Why smart meters aren’t so smart
The meters aren’t enough to make our busy selves pay attention to water and energy use. But we will pay attention if given a reason that’s worth our time.
I live on a farm where it’s a 12-mile round trip just to get a dozen eggs. A trip to see “Ant-Man” will be 32 miles. My girlfriend lives in Milwaukee; that’s 162 miles back and forth. No surprise, then, that I fill my gas tank a few times a week.
More to the point, however, I know exactly how much I spend to fill the tank each and every time I do since the gas pump tells me right down to the one-one thousandth of a percent per gallon. It’s all right there in front of me. Today, for example, cost $22.95 for 7.501 gallons of gas at $3.059 per gallon.
As such, I’m prone to lament the uptick in price per gallon, roll in the money saved when the price drops, and assume the conspiratorial worst when the price of a barrel of crude falls to $40 while gasoline climbs well past its typical high summer price tag.
Can I say the same when it comes to how much other types of energy I consume? Not me. Take electricity, which provides me with more than just juice to the outlets. My stove, dryer and water heater are all powered by electricity. Even so, there’s an electric meter spinning behind my house that doesn’t get any of my attention. I can’t remember the last time I’ve even looked at it.
Of course, my electric meter is a “dumb” meter. Quite unlike the "smart" meters I’ve been reading about lately. They’re smart because they can help homeowners determine how much energy they are consuming. Smart because all those digital zeros and ones hold out the promise to help us save on energy and water.
Smart meters, however, aren’t so smart after all.
Let’s take a look at smart water meters first – that is, if you can find any to look at. They remain a rarity in the U.S. According to IHS Inc., an international market research firm, smart meters comprise less than 20 percent of the 100 million water meters in use throughout the country.
But, expect more and more smart meters to replace their older, dumber cousins. Take a look at what’s been happening in San Francisco, which has spent the past five years on a $60 million program to replace 20-year-old meters that had about reached their useful lives with 178,000 smart meters.
Other parched California cities are joining in. Sacramento used to charge a flat rate up until 10 years ago, but has recently started installing 40,000 smart meters out of roughly 74,000 not-so-smart meters installed when the city started to meter water. Meanwhile, San Diego is in the middle of a $6 million test program with 12,000 smart meters.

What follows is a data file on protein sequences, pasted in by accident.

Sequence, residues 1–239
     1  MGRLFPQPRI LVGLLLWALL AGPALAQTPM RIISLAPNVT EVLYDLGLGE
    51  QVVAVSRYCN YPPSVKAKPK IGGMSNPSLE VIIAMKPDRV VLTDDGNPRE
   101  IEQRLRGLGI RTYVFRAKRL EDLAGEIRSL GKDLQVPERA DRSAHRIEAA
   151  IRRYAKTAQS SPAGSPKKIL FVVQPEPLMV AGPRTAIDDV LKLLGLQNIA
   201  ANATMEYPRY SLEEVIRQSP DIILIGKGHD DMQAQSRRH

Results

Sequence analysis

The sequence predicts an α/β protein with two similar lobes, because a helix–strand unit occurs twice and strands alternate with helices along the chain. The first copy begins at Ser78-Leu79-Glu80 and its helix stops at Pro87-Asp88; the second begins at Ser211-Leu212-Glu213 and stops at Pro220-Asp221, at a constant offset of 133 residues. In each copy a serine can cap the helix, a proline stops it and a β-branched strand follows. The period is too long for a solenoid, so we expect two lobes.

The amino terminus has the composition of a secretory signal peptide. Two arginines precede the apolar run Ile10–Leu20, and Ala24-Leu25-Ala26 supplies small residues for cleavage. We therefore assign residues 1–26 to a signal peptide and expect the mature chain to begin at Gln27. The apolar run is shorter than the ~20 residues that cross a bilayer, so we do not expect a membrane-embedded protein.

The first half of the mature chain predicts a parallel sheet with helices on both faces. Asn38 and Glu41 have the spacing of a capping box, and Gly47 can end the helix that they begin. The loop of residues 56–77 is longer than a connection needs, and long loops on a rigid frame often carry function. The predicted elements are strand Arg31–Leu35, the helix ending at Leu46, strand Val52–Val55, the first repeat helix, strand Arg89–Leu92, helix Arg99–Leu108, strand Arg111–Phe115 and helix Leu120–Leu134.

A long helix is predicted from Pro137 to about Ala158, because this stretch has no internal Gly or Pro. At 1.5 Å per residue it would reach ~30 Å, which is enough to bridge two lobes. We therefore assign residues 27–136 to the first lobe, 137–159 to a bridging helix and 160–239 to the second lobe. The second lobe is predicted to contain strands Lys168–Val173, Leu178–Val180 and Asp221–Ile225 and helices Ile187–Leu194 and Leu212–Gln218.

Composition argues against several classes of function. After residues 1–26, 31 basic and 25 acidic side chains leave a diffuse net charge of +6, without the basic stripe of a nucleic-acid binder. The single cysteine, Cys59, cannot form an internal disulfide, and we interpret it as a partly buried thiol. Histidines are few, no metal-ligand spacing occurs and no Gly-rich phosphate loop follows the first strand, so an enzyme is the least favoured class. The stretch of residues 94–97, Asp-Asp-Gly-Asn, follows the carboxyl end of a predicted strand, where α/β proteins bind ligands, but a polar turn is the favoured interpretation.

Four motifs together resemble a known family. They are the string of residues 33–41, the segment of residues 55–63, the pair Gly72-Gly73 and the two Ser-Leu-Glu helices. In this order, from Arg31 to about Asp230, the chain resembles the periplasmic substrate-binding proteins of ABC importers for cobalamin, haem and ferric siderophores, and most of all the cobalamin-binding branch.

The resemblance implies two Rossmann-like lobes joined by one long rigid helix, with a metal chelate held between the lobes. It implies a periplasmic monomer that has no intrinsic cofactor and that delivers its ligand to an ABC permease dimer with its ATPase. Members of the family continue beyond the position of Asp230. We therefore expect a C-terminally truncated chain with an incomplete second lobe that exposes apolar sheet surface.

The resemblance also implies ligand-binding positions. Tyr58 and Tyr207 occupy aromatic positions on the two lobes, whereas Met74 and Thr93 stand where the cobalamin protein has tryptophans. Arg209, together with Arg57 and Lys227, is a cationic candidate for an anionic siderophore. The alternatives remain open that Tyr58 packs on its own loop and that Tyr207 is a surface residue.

But will that be enough to get people to cut back on water use? Well, metering water is certainly better than not metering water. Particularly, if we single out California where the drought is measured in years rather than one hot summer, and the governor wants everyone to cut back water use by 25 percent from 2013 levels by next February.
For example, early smart meter data from the East Bay Municipal Water District, which provides water and sewer service for 1.4 million customers in San Francisco, uncovered that a quarter of its single-family homeowners already had some sort of leak in their plumbing systems.
Discovering a leak and fixing it is an easy way to save plenty of water. It gets our attention. Right away. However, from what I’ve read it will take much more than a smart meter to make many of us curtail our energy and water use day to day. The problem is what economists dub “rational inattentiveness,” which we can boil down to a simple maxim: Attention, like any natural resource, is a scarce resource and one that must be consumed wisely.
To be sure, there’s a lot more to a smart meter campaign than just the smart meters themselves. For example, California’s Pacific Gas & Electric (PG&E) provides a website where homeowners can see their smart meter data and compare it with neighboring households. However, PG&E shows the main weakness about such plans: They don’t provide energy use in real time. It might lag by a half of a day or more.
Chances are most of us won’t pay attention if we don’t know what something costs right now. So, what could get our attention?